If you would be expecting a post about how to make the most money for whatever you put into your child(ren), then you’re at the wrong spot, what I am trying to touch here is on a different level. I think most parents will agree that having a child (to keep things consistent, I will refer to a single child, but works for pretty much any number of them) will change your life 180 degrees, if for better or worse will strongly depend on you, but what you make of it is what in the end really counts.
To come back to the title of this post, the investment I am referring to is not counted in how many game consoles the child has, how many games (or toys) you buy, it is not about instrument lessons you pay or sports teams, but what you invest in the first place, is your time and attention to the child. Or should. Only too often you see parents that are both working full time and therefore only are able to spend little time with their children (or in a sadder spin on this, parents that do not WANT to spend their time with their children…), but are trying to overcompensate in the wrong direction.
Often the child is either swamped with toys and gifts, where the less time can be spent corresponds to the more money thrown at them, or they are enrolled in (too) many extracurricular activities that will eat away even more of the precious time and in the end tire out both parents and child. Some people seem to think that investing money into the child will make the problems go away, but more often than not all the child wants is attention and to be with the parents, even if it is something as easy (and cheap) as going to the park or reading a book or just watching some TV together, often a child is way simpler than you would think.
A lot of people around here have one or more children enrolled in the Canadian national sport of hockey. Little do they know originally that the majority of their “spare” time is going to be swallowed whole by practices, games, tournaments etc., which often means ice times at 6.30 am in the morning (Calgary is really bad for this, for example) or overnight tournaments on weekends and therefore eating away from other activities that could be done otherwise, such as special outings to the zoo, when they have a special event going on, a festival or a show, because “hockey comes first” and if you do not show up every time, you are in trouble. Which is sad, to be shackled by something that should be a pastime, a hobby, not a job, especially if the kids are not even in their teens yet.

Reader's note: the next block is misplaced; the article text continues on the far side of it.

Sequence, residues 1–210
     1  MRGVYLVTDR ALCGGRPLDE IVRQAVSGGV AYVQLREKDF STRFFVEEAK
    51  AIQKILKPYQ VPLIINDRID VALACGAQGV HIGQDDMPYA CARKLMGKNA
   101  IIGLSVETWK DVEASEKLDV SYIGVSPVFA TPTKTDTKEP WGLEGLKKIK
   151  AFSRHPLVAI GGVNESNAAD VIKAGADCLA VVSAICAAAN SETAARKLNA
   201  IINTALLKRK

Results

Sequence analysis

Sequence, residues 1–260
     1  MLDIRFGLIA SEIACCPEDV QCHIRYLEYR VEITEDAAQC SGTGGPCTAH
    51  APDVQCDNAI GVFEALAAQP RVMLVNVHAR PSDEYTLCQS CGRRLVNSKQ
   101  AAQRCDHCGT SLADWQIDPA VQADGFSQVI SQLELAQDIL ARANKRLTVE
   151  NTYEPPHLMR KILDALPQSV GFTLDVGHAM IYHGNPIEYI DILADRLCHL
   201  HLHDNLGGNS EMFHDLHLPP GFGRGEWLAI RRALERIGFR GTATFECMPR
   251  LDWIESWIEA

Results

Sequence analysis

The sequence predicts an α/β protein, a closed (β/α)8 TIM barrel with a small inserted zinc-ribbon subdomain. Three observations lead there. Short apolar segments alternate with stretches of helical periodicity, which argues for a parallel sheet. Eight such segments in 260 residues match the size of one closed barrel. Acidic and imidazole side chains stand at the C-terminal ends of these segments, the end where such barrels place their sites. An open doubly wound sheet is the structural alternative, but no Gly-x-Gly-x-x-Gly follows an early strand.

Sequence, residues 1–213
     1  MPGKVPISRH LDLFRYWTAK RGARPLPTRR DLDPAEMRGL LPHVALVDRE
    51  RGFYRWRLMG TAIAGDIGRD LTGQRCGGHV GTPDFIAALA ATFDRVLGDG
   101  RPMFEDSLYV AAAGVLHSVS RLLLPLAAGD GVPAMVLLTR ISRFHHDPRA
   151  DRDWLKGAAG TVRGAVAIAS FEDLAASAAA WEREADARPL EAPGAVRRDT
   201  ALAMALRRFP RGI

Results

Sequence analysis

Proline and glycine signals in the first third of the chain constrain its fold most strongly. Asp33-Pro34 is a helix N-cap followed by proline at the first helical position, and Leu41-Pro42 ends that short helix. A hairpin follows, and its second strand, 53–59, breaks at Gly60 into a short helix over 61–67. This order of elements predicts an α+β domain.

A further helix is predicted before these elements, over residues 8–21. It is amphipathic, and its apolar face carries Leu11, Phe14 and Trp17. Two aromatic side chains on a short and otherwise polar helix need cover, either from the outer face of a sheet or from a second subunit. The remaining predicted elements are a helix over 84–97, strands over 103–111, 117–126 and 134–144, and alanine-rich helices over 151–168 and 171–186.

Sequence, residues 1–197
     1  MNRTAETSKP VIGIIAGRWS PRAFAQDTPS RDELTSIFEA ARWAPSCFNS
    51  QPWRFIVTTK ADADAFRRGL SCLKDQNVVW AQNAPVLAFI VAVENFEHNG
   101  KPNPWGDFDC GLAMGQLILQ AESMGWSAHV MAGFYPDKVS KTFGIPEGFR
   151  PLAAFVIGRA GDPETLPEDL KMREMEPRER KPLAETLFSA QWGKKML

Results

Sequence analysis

Sometimes just making the effort and spending the time with the child, just the two/three of you, can make a big difference, because the child wants to be with you, the parent(s). Even if they do it with the school, still go out and go apple picking in fall, go see Santa in the mall (no, I’m not trying to rhyme here), do things with your child, you and him/her, savour the time you spend with them to do things that you WANT to do, not that you HAVE to do because the child might get kicked off the team or something along those lines…
Also, if you bury them with toys and games all the time, they will a) begin to expect to get something whenever you go out shopping and b) automatically spend more time with the toys and games and start to lose interest in doing things with you on a personal and emotional level, because they get somewhat estranged from it and that is where things can spiral straight out of control. Very easy examples are taking a walk, going to the park, playing with cars (or dolls), reading a book, drawing, puzzles or even just having fun together tickling each other, laying on the bed, being silly, it does not take much to make them happy.
So before you brush them off or assume that they will just want that gazillionth video game, try to ask them what they would like to do and you might be amazed by how easy the answer might be… Only too soon your child will want to spend time with their friends and not be interested as much anymore in just being with you and you will regret having lost this special bond, also because they will imitate you and if you do not give them attention or show them things, they will start to do the same, both to you and probably further down the road to their own children. (273)